Our association is now a grouping of minorities, which stops the vested interests of majority factions. I've actually lost track of the numbers of differing CoS; it was 13 when I was Director CoS and that was before pre-93 HK pilots were paid different salaries to basees and before USAB (and NZAB) was thought of.

One thing all the guys have in common is that they have had enough and are now ready to do something about it. Whilst most of us went along, albeit rather cynically and distrusting, with the logic of becoming more competitive - the lies of "fighting for survival" just didn't ring true with a group of professionals who rely on truth to really survive.

BUT absolutely nothing will happen without 2 major ingredients:

1. Motivation from the Members

2. Organisation by the Committee.

Now do you see why I am standing for office?


Fingers and everything else crossed for the count mate...


Hi Nij,

Sorry that I have been off the air for a while - just too much to do I'm afraid. However, I was particularly sorry that I didn't get a chance to comment on your election site/manifesto. I took a look this afternoon and am very impressed. I think that you probably have a bit of an unfair advantage over Ted as you have coms sorted and can target the voters so efficiently.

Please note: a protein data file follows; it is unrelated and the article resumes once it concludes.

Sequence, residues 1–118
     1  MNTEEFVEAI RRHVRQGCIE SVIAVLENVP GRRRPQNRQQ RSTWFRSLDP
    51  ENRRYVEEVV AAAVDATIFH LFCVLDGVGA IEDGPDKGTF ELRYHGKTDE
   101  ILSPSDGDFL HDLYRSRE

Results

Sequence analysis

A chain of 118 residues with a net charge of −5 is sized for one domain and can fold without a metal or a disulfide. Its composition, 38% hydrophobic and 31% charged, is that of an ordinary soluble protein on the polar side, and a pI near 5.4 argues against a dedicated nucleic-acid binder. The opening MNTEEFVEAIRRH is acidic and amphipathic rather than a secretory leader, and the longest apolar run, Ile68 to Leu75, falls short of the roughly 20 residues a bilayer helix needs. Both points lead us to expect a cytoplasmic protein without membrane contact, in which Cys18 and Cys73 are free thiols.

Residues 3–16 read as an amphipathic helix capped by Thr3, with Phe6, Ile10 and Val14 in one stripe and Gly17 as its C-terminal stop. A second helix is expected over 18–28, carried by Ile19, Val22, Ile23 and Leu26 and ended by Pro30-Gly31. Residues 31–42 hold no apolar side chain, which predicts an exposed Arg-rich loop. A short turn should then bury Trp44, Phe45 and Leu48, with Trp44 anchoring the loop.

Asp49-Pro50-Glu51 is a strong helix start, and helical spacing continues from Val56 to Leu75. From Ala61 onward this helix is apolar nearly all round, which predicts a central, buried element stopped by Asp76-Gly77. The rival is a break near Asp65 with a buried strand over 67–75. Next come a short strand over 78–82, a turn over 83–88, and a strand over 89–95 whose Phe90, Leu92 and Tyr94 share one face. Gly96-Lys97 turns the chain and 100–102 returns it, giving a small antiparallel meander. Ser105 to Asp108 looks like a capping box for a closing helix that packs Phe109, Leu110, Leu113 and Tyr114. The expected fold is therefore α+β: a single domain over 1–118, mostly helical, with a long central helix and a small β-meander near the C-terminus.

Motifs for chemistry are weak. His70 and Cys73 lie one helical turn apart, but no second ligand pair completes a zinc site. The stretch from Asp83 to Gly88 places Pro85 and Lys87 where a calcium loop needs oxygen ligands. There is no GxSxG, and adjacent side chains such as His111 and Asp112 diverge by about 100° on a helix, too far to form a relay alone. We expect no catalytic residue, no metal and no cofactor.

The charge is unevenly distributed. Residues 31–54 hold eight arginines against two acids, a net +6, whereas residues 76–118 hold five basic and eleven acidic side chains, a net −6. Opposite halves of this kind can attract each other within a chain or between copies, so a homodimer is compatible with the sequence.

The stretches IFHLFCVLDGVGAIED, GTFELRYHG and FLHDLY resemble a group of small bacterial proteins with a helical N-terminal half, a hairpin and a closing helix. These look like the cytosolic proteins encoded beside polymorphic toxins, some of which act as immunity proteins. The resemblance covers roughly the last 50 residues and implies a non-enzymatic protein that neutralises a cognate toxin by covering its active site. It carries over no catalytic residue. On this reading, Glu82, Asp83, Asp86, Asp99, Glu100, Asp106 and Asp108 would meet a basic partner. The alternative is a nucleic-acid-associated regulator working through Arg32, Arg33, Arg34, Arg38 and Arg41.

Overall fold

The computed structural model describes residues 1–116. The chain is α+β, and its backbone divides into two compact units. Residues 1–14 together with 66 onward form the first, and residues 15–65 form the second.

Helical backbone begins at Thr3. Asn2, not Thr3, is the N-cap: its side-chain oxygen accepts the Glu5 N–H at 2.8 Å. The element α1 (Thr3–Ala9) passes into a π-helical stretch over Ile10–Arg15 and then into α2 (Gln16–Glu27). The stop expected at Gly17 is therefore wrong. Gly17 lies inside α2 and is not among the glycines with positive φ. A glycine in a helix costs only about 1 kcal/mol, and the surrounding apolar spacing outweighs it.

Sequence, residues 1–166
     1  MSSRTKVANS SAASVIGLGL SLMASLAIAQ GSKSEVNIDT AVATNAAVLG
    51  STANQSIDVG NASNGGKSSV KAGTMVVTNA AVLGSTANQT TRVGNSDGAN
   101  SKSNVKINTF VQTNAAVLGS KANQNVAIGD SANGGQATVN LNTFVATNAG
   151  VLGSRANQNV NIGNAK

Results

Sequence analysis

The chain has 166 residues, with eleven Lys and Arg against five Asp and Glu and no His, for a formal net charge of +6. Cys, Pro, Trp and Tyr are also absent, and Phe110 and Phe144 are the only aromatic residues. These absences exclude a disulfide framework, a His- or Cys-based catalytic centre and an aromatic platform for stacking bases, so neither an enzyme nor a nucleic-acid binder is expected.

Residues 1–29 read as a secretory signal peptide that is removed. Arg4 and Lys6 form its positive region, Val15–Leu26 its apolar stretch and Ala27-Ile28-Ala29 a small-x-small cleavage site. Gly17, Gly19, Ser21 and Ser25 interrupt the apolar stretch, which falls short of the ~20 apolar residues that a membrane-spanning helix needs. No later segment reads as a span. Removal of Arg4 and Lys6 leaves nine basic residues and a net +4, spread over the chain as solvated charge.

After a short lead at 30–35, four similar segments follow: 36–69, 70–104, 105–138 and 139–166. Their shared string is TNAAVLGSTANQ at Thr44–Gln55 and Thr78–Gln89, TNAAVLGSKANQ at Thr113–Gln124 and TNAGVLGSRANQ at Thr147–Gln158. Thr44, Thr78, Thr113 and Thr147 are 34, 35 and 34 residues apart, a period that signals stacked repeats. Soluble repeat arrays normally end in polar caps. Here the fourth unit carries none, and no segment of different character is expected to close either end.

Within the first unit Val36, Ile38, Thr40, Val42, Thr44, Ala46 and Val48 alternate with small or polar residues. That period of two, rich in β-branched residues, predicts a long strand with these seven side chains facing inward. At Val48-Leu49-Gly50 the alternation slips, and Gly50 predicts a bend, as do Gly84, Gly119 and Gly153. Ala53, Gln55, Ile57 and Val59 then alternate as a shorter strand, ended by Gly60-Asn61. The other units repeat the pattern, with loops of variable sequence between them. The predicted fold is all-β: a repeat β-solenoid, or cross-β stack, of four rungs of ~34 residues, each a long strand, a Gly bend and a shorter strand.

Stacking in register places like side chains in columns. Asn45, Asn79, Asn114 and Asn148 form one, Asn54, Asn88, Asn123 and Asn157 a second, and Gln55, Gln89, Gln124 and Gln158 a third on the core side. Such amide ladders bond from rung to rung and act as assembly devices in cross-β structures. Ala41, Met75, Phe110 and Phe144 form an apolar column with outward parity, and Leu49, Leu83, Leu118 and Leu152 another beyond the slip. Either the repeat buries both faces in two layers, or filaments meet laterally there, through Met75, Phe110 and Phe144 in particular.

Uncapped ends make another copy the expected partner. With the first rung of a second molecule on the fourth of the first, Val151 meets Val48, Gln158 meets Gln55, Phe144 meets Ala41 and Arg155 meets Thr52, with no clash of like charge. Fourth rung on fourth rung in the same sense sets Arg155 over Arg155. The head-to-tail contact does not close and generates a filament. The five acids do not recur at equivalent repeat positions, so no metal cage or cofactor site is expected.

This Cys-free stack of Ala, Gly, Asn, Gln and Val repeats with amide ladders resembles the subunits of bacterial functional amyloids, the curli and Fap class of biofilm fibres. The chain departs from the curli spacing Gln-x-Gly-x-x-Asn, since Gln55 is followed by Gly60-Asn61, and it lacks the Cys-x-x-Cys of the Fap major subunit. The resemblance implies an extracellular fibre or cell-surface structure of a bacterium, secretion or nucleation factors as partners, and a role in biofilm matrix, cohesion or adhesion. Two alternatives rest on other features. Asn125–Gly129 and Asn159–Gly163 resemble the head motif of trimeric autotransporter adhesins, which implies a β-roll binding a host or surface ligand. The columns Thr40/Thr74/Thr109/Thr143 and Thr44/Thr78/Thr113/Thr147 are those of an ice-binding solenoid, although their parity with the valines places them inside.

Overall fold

Certainly I think that your manifesto (apart from bits of 'spin' that don't sound particularly Demery-like) is very sound, honest and down to earth. I certainly would vote for you given the chance. I particularly enjoyed the jousting on your page devoted to the company management comments. Anyway, from what I saw of the replies from members you seem to have got the tone just right - well done.